The reviews are in: His Dark Materials is ‘riveting’
His Dark Materials was hotly anticipated – has it lived up to the hype?
First on Showmax and starting today, His Dark Materials is the long-awaited adaptation of the beloved Golden Compass books by Philip Pullman. The first season, which focuses on the first book, Northern Lights, follows 14-year-old Lyra as she abandons all she knows to find her friend who has been kidnapped.
A co-production between the BBC and HBO, and starring the likes of James McAvoy, Ruth Wilson and Lin-Manuel Miranda, the series was always bound to be good, but how good is it really? We took a look at what international critics are saying to find out.
“Wonderful fun”, and “densely layered”
The series is coming first and only to Showmax in South Africa, and it’s only just started internationally – it debuted on Monday just a day ahead of its SA debut – so reviews are based on the first few episodes that were previewed by media.
In one review, The Guardian says: “Religion, mortality and talking animals combine to gift us a series that captures Pullman’s magnum opus in all its glory,” before revealing that a second season – based on Pullman’s second book, The Subtle Knife – has already been commissioned, and a third is expected.
In another article, the Guardian says: ” It is wonderful fun, but it is not just that. Pullman’s world is serious and densely layered with allusion. His epic scale, his cosmological purview, is refined from a lifetime immersed in the poetry of Milton and Homer and Blake. His novels relating to Lyra – recently refreshed by a new story, The Secret Commonwealth – are remarkable literary achievements, readable by children and adults with equal pleasure.”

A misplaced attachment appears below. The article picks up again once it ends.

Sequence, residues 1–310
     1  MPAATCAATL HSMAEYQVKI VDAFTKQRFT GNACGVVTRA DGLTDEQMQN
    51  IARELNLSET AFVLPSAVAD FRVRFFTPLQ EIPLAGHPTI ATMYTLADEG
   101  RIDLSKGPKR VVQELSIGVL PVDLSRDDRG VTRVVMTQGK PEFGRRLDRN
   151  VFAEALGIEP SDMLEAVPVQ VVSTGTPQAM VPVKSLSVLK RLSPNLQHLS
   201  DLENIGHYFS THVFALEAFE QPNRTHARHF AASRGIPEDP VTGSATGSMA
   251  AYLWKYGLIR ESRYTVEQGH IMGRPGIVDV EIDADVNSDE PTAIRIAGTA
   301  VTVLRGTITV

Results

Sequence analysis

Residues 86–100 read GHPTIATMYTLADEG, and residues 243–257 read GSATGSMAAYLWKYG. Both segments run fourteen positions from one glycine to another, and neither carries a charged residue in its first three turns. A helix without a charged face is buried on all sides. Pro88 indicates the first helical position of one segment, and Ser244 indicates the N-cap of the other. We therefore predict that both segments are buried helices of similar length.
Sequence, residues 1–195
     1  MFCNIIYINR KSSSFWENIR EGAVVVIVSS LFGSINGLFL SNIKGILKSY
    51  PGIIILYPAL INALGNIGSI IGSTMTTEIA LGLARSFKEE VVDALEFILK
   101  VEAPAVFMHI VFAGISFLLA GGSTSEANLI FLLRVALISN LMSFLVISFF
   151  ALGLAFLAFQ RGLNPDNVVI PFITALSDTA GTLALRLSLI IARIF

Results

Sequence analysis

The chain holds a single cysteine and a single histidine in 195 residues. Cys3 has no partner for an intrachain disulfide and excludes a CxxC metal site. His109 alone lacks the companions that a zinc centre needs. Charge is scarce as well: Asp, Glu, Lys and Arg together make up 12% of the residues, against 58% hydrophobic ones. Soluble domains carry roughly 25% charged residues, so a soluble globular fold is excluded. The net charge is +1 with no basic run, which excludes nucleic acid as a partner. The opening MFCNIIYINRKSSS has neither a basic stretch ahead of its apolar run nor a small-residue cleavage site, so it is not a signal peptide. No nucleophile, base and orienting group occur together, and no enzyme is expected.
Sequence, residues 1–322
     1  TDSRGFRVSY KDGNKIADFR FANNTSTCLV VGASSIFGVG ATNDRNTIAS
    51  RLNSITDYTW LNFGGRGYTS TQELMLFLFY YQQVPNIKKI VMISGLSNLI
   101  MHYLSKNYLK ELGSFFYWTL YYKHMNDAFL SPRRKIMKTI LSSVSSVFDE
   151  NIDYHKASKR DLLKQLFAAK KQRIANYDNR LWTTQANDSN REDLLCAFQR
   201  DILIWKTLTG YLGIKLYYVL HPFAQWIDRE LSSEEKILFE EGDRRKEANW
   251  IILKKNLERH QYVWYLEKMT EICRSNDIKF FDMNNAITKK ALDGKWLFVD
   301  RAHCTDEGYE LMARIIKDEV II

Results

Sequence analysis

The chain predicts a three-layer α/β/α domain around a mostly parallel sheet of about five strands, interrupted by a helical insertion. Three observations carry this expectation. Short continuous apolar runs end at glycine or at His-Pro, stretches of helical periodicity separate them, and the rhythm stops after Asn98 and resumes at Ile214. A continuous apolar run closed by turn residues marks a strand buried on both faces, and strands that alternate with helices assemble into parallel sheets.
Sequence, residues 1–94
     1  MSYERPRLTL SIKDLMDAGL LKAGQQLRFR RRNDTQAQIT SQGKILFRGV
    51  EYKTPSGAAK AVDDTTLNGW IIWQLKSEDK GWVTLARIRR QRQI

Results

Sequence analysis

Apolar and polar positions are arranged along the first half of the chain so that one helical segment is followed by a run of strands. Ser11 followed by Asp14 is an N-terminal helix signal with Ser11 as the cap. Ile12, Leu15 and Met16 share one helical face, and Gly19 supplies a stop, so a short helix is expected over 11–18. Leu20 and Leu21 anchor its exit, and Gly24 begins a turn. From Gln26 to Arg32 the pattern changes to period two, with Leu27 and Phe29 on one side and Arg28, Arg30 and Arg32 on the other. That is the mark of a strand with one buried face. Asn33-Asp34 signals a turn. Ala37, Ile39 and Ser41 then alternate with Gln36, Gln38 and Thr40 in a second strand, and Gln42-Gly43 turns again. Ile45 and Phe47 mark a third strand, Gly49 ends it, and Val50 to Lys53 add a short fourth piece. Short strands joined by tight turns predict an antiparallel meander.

Is Ruth Wilson the standout star?
Cnet proclaimed it “Gritty, uncompromising and your next TV obsession“, and declares Ruth Wilson as Mrs Coulter to be “glamorous and glacial”, with “the allure of a perfectly sharp icicle. There’s a sense that at any moment she could drop, piercing your heart like a dagger.”
Indiewire concurred, saying that Ruth Wilson “might just be giving one of the best performances on television with her depiction of a woman whose cruelty knows no bounds, but still retains enough humanity to know that she has become a monster. Wilson is at turns bewitching and feral. You cannot look away.”
This time, the Golden Compass universe is done right
Much is made in several reviews of how much better this adaptation is that the 2007 movie starring Nicole Kidman. The New York Times says that “HBO has become a place where challenging fiction series go to be adapted (Game of Thrones, My Brilliant Friend) and movies go to get a do-over. Westworld reimagines the 1973 robo-thriller as an exploration of consciousness; Watchmen after the too-literal Zack Snyder film, reframed the Cold War graphic novel to focus on America’s legacy of racism.” (All those series, as well as the Zack Snyder film, are available to stream on Showmax.)
Inevitably, coming as it does from HBO, NYT also compares the series to Game of Thrones and other major fantasy franchises: “But it also has a more rebellious, questioning outlook — adolescent, in a good way — than some other fantasy sagas. Where the Harry Potter series and “The Lord of the Rings” presumed that the ruling institutions were essentially good, if vulnerable to corruption, “His Dark Materials” suggests that its theocracy is rotten all the way up.”
All 10 episodes of His Dark Materials will be released weekly on a Tuesday morning.